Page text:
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Tuesday, January 25, 2011

How I survived the war

Recent terrorist bombing of Moscow's Int'l airport brought back a flood of memories.

When I was 20 and still lived in Baku, there was a war. A short one, granted, but a war.
Not many people know about it,as Russian government and,specifically president Gorbachev, did everything in their power to cover it up.

I need to sketch a bit of a background first.

Russia back then consisted of "republics". Each republic had its own government, but still was reporting to Central Russian Government and was fully dependent on Russia.
Those republics had their own languages (although Russian was the official language and everyone spoke it) and their own history/background/culture.

The one I lived in was called Azerbaijan and was predominantly Muslim.
Its neighbours were Georgia and Armenia (all three are now independent countries).
Baku was very much multicultural city with people of many nationalities living in harmony side-by-side.
"Mixed" marriages (between Armenians and Azerbaijanis,for instance) were not uncommon, although some families still had frowned upon that.

Trouble started when one of Armenian expats who lived in France declared that there is a portion of land (smack in the middle of Azerbaijan, I might add) that is fully populated by Armenians and thus should be declared Armenian territory. Azerbaijan people didn't take kindly to that.

At first it was nothing but gatherings and a lot of talk. Then talks started to get heated.
This went on for about 5 months. Government did nothing.

Then one day all hell broke loose: news arrived that Armenians were kicking Azerbaijan nationals out of their homes in Armenia and threatening to kill them. Not surprisingly, most of those "partisans" were uneducated people from villages, who wanted to "appropriate" nice flats in the city.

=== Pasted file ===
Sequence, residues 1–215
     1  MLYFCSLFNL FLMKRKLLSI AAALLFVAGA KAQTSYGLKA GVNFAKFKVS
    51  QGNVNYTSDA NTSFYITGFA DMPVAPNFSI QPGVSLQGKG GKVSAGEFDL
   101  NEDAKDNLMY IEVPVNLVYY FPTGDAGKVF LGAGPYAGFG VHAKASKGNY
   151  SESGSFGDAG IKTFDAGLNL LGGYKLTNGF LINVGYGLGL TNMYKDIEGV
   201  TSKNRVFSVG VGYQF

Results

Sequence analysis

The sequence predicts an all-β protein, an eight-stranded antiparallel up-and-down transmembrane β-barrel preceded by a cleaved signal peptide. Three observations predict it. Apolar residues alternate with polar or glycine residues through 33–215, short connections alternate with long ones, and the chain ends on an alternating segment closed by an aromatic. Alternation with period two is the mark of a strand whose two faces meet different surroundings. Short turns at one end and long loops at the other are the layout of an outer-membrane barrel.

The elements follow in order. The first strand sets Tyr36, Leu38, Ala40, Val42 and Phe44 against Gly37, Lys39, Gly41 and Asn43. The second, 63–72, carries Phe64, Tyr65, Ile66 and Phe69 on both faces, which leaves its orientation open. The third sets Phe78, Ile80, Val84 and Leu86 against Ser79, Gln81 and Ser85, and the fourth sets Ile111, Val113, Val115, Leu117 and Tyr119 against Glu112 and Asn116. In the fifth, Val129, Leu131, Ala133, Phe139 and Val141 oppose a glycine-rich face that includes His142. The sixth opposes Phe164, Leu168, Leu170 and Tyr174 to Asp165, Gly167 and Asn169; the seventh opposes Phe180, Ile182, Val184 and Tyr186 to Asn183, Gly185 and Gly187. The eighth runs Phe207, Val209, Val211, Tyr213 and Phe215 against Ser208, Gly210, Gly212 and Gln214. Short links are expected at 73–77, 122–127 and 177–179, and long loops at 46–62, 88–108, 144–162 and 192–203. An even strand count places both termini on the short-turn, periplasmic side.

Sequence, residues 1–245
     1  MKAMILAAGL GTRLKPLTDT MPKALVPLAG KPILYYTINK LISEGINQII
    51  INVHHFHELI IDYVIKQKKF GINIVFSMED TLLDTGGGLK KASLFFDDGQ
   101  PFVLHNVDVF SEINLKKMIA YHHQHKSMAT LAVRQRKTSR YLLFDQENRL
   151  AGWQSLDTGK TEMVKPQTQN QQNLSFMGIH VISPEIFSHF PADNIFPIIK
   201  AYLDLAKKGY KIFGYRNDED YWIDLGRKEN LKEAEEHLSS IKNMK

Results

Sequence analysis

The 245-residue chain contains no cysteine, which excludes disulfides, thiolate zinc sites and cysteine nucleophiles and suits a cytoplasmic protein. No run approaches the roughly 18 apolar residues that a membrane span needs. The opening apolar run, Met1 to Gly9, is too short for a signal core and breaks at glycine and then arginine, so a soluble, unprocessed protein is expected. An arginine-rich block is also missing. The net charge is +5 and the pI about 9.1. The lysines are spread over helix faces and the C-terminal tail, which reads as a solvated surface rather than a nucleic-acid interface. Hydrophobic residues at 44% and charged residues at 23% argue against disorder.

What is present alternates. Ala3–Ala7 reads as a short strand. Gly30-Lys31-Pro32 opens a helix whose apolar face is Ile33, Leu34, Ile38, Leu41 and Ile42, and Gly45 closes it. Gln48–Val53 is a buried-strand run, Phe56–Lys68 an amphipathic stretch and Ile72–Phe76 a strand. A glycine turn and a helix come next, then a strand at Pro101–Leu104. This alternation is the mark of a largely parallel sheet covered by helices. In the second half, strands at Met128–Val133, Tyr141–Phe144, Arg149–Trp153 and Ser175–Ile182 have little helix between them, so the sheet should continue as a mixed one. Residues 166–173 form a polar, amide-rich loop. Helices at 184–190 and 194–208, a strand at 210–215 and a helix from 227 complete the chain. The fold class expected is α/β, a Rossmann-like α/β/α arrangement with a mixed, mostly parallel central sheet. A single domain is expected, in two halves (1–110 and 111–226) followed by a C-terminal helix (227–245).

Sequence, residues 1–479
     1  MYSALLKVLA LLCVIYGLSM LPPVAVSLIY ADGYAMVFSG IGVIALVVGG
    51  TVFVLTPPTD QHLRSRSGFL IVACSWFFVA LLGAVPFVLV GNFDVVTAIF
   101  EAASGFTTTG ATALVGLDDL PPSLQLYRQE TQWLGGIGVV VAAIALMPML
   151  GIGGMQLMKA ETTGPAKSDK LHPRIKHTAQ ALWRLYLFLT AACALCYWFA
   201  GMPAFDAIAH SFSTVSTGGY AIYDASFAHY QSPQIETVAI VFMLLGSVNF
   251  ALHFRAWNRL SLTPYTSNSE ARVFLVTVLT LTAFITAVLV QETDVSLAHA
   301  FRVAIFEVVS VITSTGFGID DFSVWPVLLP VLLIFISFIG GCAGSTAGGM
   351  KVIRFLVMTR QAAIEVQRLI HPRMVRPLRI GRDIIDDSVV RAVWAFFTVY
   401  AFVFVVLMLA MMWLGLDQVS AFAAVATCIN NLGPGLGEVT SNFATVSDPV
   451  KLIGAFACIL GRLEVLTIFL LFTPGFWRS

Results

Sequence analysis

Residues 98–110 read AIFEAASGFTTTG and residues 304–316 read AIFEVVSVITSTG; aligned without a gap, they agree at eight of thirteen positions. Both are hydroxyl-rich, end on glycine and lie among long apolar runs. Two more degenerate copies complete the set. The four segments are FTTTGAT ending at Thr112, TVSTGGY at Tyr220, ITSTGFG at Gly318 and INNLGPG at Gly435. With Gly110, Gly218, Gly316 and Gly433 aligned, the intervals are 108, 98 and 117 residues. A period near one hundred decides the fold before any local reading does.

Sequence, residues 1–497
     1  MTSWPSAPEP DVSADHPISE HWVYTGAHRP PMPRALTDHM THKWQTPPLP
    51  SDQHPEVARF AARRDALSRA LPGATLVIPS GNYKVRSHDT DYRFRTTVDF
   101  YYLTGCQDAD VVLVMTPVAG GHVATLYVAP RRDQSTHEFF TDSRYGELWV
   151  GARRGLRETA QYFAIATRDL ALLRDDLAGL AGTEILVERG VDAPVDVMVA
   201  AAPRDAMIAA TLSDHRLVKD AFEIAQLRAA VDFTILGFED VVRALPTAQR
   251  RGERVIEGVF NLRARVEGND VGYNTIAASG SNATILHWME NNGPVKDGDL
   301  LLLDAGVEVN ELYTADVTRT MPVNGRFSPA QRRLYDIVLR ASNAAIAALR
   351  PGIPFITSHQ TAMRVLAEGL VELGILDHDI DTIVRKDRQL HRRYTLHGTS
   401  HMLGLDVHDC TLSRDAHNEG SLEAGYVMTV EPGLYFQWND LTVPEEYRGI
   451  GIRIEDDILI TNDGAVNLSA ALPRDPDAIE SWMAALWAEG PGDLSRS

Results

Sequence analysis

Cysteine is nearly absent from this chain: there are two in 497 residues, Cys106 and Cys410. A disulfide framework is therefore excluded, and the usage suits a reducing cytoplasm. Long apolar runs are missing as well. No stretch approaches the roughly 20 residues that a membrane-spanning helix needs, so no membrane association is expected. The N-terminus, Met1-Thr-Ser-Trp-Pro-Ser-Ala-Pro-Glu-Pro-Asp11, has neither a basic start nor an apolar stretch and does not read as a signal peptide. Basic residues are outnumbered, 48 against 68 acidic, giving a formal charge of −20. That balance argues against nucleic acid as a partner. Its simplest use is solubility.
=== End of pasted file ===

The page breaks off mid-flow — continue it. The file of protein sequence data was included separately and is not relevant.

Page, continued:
Azerbaijanis decided to respond in kind.

It was pretty ugly. Azerbaijan villains were breaking into the flats and homes known to be occupied by Armenians all over Baku. People were beaten (some to death), kicked out of their homes and their possessions taken.

I witnessed a person being thrown out of 7th story balcony. My boyfriend was driving me home, when,out of the corner of my eye,I saw a movement, I looked up and it was one of those things when you know you should  look away,but you are absolutely transfixed and just cant.
Body landed with a huge thud on the asphalt and I will never forget what it looked like,laying there,no matter how hard I tried.

Back then our nationality was written in our passports (and everyone had to have a passport once they turned 16). Mine was "Russian", my friends were "Jewish", "Armenian",etc.

When all this was going on (for about a week) there were self-proclaimed "patrols" walking through the city and randomly checking passports for nationality. You could be stopped at any time and your passport would be looked at. They dismissed Russians and just ignored us, but Armenians would be in trouble.

Government did nothing still. There was no news coverage,there was no help. Everyone pretended this was not happening.

Many were left homeless and had to flee to Armenia where they had no one and no place to live or means to support themselves.

Many families broke up,as Azerbaijan husbands kicked their Armenian wives (some of many years,even decades) out with their "half-breed" kids.

Then it all settled down,as there was no more Armenians left and those who were still around were in hiding.

About a week passed. We were beginning to breath the sigh of relief.